This post is sponsored, but all opinions are 100% mine. I promise.
It’s the story of the men who saw the star in the sky pointing to the newborn Messiah. You can read all about it in the book of Matthew in the Bible. Quest for Light goes behind the scenes and expands the details for you. I love novels that put skin on some of the Bible stories. Who were the magi? What did it look like when they traveled across the Middle East? What dangers did they face? How long did it take them?
This book gives many of those answers as it takes you on their quest: the physical journey and the spiritual journey.
The story begins with Balthasar–a Mede descended from Persia–seeing a magnificent star in the sky over the western sky. Many others cannot see it, so he calls for his friend Gaspar to come and discuss it. Gaspar, too, sees the star and together they determine they must leave their families and follow it. It takes many days to prepare for their journey and Balthasar leaves his youngest son and wife to go on a 2 year journey.
Gaspar and Balthasar travel together with their group of faithful servants and as they travel they unexpectedly pick up a friend/co-traveling companion named Melchior. He joins them for the entirety of the journey and is regarded as an equal.
As they travel to this unknown God, they are very open to respecting other beliefs and religions. As they journey, they encounter bandits and sandstorms which take them from a belief in their personal god named Ahura Mazda and his servant Zoroaster to a belief in Yahweh, the Hebrew God.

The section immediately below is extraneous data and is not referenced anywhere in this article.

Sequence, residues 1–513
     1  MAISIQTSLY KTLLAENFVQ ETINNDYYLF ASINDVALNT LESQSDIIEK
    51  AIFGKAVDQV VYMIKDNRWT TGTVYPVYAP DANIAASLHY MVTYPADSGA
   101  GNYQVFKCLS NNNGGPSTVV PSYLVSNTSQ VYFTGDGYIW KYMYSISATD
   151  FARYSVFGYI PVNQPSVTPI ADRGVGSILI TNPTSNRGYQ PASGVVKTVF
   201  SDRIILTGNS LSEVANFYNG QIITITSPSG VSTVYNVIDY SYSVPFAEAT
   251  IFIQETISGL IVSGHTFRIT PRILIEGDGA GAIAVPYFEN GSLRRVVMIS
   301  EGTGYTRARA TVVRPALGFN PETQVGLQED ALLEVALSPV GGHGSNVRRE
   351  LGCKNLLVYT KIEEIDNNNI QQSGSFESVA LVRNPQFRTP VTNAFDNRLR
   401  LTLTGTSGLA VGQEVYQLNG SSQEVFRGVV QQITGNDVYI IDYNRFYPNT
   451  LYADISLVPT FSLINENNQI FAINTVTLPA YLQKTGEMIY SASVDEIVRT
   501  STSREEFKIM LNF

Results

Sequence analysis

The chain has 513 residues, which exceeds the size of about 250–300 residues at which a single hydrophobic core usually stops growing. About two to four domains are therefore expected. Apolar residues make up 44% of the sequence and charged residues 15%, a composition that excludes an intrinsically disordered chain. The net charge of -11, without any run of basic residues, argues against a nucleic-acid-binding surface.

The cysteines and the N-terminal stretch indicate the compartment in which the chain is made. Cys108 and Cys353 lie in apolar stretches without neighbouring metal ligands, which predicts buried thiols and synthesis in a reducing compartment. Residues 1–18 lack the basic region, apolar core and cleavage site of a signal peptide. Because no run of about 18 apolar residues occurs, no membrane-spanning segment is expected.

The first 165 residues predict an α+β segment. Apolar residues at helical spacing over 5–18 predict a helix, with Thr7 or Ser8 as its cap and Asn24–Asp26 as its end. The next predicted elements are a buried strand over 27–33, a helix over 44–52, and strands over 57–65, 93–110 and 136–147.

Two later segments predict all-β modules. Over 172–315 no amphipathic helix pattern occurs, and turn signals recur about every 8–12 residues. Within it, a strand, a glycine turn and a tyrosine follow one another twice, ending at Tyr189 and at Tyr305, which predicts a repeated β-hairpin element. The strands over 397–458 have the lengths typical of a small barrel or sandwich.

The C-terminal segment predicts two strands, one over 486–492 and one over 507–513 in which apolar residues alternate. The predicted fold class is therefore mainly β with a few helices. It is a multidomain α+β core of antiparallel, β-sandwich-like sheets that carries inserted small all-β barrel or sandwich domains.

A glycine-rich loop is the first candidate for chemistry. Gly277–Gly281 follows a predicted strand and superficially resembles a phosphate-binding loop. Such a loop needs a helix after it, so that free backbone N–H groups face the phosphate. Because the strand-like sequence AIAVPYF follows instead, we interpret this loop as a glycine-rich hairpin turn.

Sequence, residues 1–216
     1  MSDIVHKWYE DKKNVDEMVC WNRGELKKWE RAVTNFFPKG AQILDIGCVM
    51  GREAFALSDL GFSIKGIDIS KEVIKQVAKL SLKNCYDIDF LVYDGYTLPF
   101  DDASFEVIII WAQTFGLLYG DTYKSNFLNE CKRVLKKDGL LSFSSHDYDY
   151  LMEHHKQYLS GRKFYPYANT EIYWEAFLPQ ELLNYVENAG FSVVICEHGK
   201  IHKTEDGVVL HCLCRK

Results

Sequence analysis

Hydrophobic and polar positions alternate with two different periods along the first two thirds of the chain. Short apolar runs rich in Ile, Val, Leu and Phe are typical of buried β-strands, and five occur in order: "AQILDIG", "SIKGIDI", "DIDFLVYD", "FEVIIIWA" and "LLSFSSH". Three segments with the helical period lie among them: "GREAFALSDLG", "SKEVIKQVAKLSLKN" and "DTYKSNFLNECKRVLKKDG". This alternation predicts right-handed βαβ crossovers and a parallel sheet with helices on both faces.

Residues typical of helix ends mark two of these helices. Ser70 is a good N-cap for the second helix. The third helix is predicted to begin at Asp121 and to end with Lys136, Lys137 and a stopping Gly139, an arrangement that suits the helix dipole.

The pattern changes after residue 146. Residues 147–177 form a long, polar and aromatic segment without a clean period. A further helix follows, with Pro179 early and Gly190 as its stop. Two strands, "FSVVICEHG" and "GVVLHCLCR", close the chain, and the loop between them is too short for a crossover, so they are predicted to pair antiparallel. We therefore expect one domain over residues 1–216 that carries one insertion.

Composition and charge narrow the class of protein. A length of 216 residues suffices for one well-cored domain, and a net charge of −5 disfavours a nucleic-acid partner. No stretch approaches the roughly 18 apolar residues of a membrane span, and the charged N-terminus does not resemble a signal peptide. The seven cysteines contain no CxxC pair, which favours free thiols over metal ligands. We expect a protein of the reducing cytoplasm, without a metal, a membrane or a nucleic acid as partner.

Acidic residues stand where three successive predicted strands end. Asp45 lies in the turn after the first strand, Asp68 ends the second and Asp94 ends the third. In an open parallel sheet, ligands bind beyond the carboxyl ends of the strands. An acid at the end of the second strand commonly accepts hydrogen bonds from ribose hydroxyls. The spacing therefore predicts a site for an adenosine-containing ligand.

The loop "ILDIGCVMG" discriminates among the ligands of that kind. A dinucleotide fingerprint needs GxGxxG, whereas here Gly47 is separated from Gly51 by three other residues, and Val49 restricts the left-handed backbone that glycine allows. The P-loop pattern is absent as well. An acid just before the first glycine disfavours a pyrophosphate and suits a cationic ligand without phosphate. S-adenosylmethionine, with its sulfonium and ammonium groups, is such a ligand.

You experience their relief when they finally make it to Israel and their uneasiness in dealing with Herod. You experience their joy when they mean the Messiah. And you experience their rushed panic to leave into safety for the presence of the Sent One. And their sadness to leave Him.
And then the book ends. With hope. They rejoice for finding the savior and their lives have now discovered real joy.
- No one knows who the Magi actually were, but tradition tells us there were three names Balthasar, Gaspar, and Melchior. Byron expands on that tradition and gives each man a personality and a life. There is no way these are non-fiction, but due to the nature of historical fiction, even if they aren’t real, men with these exact lives COULD have.
- Balthasar brings his oldest son with him on the journey and you see the boy becoming a young man (at least I do–or is that just my mothering eyes)
- The way Byron weaves in their faith journey is so tangible and real that it’s extremely exciting to “watch” these men come to faith in Yahweh.
- Some parts of the narrative are slow. I loved the beginning which discusses the historical life of a Mede in Persia–one with great influence. I was enthralled with that history, but the story didn’t move along quickly at first.
- Also, there were times when I felt like the book was just reporting their movements. I wasn’t transported with them in their journey. I can’t pick out sections for you, but occasionally that happened.
- I had a hard time following who was who with their foreign names. After a while, I just made sure that I kept the Magi straight and didn’t think too much about the rest.